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The Atlantic Union Bank Center is set to open in the 2020-21 season. 

With the uncertainties COVID-19 has brought to sports, one thing is certain: This upcoming college basketball season will be different.

With the COVID-19 pandemic still playing a major role in life, college sports have had to make major adjustments. While football — mainly at the FBS level — is competing this fall, many fall sports at the mid-major level were pushed to the spring in hopes that coronavirus cases would be lower across the board. 

How will college basketball work?

An idea floated around is conferences using the “bubble” environment that’s used in professional leagues like the NBA, NHL and WNBA. It means that one or more schools would host a group of conference members and they’d play a certain amount of games and then potentially rotate so every team can play one another.

On Sept. 15, Shane Mettlen of the Daily News-Record wrote a story unveiling that there had been early talks of a “CAA bubble” being hosted at JMU. While the non-conference slate will likely be altered for all Division-I teams for men’s and women’s basketball, the idea of a conference bubble is one that requires intricate details when planning, while also taking into account the outlook of how the pandemic is affecting the school’s area.

In the article, CAA Commissioner Joe D’Antonio lists a few key areas that will be used to evaluate potential sites. It includes testing capabilities, lodging availability, amount of basketball courts and the statistics of COVID-19 in the university’s surrounding city or county. D’Antonio also mentions the potential use of outside arenas if needed.

JMU is the ideal location for the CAA bubble, and it’s not close

The brand new Atlantic Union Bank Center was set to host fans this year, but it won’t begin the new era of JMU basketball with the passion of the Dukes faithful. However, that shouldn’t stop the arena from being showcased as one of the premier facilities in the CAA. It holds the main court and an auxiliary gym, on top of the still-standing Convocation Center that has the ability to host games as well. Godwin Hall and the University Recreation Center have multiple courts, meaning teams will have the ability to practice safely.

With two gyms ready to host games and more than enough practice courts, JMU is more than capable of hosting what will be the dramatically different conference games. Another aspect JMU and Harrisonburg succeeds in is lodging. With numerous hotels scattered across the city as well as Hotel Madison being readily available — and usually the choice for visiting teams in recent years — players, coaches, staff, referees and CAA officials will be able to be hosted for however long the conference decides.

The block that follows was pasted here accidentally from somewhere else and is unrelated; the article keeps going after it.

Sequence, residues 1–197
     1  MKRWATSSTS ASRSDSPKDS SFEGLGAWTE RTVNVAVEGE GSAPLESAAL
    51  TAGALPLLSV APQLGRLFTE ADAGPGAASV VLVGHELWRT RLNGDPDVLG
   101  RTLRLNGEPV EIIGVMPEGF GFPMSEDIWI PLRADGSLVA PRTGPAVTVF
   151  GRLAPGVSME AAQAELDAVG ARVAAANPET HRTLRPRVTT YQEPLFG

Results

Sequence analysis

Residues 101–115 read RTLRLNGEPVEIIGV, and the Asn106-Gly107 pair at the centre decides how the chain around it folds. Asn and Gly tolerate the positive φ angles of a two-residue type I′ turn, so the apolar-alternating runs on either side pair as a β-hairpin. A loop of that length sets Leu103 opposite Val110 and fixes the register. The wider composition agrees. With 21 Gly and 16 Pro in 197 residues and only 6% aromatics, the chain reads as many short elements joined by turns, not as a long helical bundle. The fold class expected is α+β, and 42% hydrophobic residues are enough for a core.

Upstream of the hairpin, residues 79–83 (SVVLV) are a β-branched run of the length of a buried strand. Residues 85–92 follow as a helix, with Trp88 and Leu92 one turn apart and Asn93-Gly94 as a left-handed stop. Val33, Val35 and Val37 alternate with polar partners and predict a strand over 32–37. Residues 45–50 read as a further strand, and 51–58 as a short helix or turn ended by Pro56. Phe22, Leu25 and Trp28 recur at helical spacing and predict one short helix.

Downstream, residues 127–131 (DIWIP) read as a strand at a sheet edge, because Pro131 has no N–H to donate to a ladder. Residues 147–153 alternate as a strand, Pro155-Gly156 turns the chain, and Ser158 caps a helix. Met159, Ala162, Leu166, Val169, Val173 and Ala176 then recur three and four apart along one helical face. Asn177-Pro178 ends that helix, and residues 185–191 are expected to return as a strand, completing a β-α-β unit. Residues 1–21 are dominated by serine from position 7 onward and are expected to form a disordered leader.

Questions remain in the Shenandoah Valley

There are still questions surrounding the safety of having the bubble in the Shenandoah Valley, with the main concern being the amount of cases in the Harrisonburg and Rockingham County area. According to the CDC, as of Tuesday, Harrisonburg is +16.9% in 14-day new cases. For Rockingham County, the two-week new case rate is +11.7%.

According to The Breeze’s Coronavirus Dashboard, the University Health Center has had a 28.64% positivity rate since Aug. 17. With classes set to resume in hybrid form Oct. 5, conference officials will analyze how cases will fluctuate. If cases continue to increase, the CAA will have to look elsewhere to make sure the bubble will be held in a safe environment.

While factors like how strict the quarantine rules would be are still to be determined, the opportunity to be the host of CAA basketball — whether it be men’s or women’s — is ideal for JMU.

If fans aren’t able to attend the new $86.7 million arena, having some or all of the teams competing and breaking in the new court will give the Dukes exposure. It’ll also magnify the facilities JMU has to offer that make it the premier school in the CAA.

With a new head coach, a dramatically different team and a fan base eager to start a new chapter in JMU men’s basketball, the CAA bubble would have many positive aspects. If the women’s conference season is played in Harrisonburg, it’ll give head coach Sean O’Regan the chance to garner another CAA regular season title and his first conference tournament title.

Whatever the CAA decides to do regarding basketball, it’ll be complex. It’ll require intense planning and strict guidelines, but it’ll also depend on the environment in each respective area that the conference is looking at. JMU would benefit from hosting a bubble, and it’s more than capable of doing so.

Contact Noah Ziegler at breezesports@gmail.com. For more coverage, follow the sports desk on Twitter @TheBreezeSports.

There comes a time where an athlete realizes their true potential. When I realized that I was never going to make a living on the court, I figured I’d make it on the sidelines. I hope to be able to attend and cover the World Cup and NCAA tournament.